For such a historic speech from a Castro, it was curiously short.
Cuban President Raul Castro spoke for just nine minutes, starting at noon Eastern time, to respond to the momentous changes being simultaneously unveiled by Barack Obama in Washington.
Given that his famously verbose predecessor and brother Fidel’s longest speech was recorded at more than seven hours, one might have expected more.
Maybe it was old age. Raul, after all is 83. And it showed, as he read slightly shakily on live TV from a clutch of paper notes.
Nevertheless, in that short time, he did manage to cover enough ground to both graciously accept and rhetorically return the US olive branch with interest, while also insisting that the “heroic Cuban people” would continue to ferociously assert their island’s independence.
“As the result of a dialogue at the highest level, including a telephone conversation that I held yesterday with President Barack Obama, we were able to advance in the solution of certain issues of interest to both nations,” Castro began.
He then went on to underline how Obama’s breakthrough towards Havana deserved the “respect and recognition” of Cubans and name-checked the returning Cuban spies.
Raul went on: “Based on humanitarian reasons, today the US citizen Alan Gross was also returned to his country. In a unilateral way, as is our practice, and in strict compliance with our legal order, the corresponding prisoners have received prison benefits, including the liberation of peoples in whom the United States government has shown an interest.”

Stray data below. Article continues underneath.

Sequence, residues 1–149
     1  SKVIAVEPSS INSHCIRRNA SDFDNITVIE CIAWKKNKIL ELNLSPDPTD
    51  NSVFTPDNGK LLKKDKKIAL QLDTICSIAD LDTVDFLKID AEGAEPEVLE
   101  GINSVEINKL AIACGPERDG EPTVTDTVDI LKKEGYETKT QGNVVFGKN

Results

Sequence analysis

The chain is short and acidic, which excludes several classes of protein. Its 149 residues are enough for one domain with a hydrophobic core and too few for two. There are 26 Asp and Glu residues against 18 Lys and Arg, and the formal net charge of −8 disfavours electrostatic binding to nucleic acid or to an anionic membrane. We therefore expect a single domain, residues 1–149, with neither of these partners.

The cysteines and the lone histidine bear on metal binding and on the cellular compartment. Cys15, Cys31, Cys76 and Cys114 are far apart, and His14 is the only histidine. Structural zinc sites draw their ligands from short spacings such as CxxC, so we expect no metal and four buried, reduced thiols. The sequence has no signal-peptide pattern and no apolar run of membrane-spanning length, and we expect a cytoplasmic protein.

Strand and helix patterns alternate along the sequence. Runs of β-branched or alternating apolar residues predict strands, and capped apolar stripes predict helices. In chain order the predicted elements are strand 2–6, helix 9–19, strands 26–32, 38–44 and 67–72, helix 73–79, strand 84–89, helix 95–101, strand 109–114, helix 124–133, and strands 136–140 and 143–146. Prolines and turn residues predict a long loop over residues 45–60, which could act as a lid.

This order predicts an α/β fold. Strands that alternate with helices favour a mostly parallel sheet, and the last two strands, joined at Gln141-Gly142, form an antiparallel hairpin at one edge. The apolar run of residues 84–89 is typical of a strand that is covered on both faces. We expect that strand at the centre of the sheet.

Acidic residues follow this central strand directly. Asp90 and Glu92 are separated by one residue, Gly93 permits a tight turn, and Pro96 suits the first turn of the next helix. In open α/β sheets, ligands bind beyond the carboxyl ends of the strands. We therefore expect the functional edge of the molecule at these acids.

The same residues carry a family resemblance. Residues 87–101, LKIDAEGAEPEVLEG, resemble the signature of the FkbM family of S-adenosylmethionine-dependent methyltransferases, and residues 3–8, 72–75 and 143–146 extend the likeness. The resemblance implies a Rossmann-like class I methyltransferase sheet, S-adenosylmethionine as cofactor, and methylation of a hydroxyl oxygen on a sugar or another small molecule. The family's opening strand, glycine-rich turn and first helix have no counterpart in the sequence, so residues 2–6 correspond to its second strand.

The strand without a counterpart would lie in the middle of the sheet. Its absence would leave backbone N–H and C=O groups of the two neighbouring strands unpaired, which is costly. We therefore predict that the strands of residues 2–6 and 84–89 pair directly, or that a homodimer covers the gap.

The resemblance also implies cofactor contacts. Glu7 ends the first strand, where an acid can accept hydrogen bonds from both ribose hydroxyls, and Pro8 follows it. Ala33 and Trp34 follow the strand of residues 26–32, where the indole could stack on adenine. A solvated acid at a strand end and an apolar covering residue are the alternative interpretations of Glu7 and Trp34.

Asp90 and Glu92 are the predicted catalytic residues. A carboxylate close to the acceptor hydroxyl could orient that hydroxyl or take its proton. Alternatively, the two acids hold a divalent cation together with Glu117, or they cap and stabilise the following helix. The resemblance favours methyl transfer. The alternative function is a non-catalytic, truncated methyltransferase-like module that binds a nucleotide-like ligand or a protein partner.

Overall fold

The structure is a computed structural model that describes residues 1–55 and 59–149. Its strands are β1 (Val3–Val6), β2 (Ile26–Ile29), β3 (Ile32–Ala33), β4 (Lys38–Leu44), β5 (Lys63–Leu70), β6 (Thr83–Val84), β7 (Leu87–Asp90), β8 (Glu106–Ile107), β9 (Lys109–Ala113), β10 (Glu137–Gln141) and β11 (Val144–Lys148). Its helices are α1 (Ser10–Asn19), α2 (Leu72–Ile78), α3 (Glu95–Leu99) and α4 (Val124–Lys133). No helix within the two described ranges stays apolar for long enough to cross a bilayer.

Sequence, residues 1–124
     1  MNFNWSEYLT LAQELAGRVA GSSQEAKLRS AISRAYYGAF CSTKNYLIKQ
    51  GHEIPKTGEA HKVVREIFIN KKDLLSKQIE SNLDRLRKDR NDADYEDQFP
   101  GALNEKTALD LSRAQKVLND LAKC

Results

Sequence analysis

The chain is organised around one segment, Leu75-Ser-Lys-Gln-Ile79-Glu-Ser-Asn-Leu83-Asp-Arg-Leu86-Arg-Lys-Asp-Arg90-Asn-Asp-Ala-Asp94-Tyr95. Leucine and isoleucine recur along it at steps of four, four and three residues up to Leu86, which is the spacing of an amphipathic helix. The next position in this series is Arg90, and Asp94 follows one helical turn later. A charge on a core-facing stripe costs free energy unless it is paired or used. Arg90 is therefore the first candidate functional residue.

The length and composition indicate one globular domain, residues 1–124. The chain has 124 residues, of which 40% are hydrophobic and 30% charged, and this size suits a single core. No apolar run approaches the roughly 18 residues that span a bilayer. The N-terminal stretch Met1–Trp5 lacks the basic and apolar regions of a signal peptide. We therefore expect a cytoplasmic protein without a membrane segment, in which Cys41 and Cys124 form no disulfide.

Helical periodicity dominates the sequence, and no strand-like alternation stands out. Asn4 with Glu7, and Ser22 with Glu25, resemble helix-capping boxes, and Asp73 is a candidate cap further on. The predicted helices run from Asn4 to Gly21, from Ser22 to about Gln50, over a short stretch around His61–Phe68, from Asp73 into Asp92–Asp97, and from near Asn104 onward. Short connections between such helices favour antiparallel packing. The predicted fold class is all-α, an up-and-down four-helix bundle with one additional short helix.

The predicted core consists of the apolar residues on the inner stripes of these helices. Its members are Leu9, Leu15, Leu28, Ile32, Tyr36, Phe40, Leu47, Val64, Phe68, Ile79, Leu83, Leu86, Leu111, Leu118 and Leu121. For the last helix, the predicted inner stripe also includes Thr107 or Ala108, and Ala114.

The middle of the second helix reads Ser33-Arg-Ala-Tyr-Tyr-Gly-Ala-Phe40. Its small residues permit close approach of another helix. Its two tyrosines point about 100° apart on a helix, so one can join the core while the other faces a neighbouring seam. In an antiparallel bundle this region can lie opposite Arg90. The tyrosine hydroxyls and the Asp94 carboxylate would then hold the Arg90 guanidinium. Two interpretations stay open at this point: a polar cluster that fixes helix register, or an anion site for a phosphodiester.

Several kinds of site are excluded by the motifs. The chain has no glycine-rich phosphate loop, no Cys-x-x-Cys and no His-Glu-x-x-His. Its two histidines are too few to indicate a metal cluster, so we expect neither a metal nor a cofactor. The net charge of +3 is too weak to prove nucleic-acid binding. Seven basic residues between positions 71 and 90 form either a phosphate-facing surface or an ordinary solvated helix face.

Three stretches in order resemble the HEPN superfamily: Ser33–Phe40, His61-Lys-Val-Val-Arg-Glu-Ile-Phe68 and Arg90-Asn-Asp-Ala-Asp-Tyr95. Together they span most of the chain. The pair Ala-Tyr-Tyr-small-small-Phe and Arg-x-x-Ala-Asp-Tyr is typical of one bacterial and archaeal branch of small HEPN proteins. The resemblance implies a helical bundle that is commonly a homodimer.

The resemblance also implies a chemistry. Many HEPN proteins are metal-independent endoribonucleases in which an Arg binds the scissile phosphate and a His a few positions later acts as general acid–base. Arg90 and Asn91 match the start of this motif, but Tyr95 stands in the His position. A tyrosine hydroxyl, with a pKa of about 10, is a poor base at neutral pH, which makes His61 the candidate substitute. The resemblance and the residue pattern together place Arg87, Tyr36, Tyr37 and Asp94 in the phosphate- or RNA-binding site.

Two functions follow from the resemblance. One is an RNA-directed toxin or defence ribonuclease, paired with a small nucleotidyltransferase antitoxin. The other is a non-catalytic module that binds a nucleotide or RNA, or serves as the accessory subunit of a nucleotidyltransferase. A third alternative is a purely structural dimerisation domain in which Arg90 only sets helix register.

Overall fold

“Equally, we have agreed the re-establishment of diplomatic relations. This does not mean that the principle [problem] has been resolved: The economic, commercial and financial blockade, which has caused enormous human and economic damage to our country should end.”
“Although the blockade measure has become law, the president of the United States can modify its application using his executive powers.”
“On recognizing that we have deep differences, fundamentally in the areas of national sovereignty, democracy, human rights and internal politics, we reaffirm our willingness to discuss all these issues.”
“We exhort the US to remove the obstacles that impede or restrict the links between our peoples, the families and the citizens of both countries, in particular those relating to visits, direct post, and telecommunications.”
“The advances achieved during the exchanges that have taken place show that it is possible to find the solutions to many problems. As we have repeated, we should learn the art of living together in a civilized manner, with our differences.”
Maybe, the end of Cuban sanctions really will, over time, herald the advent of genuine democracy on the Caribbean island, as Obama is calculating.
Yet Raul Castro’s intention could hardly be more different, as he again spelt out his regime’s top goal: “The modernizing of our economic model, to build a prosperous and sustainable socialism.”
It remains to be seen whether that model really can outlive the Castro brothers, especially as Cuba now slowly rebuilds economic, cultural and social ties with its outsize neighbor, the US.
By Simeon Tegel, GlobalPost
This article is syndicated from GlobalPost.
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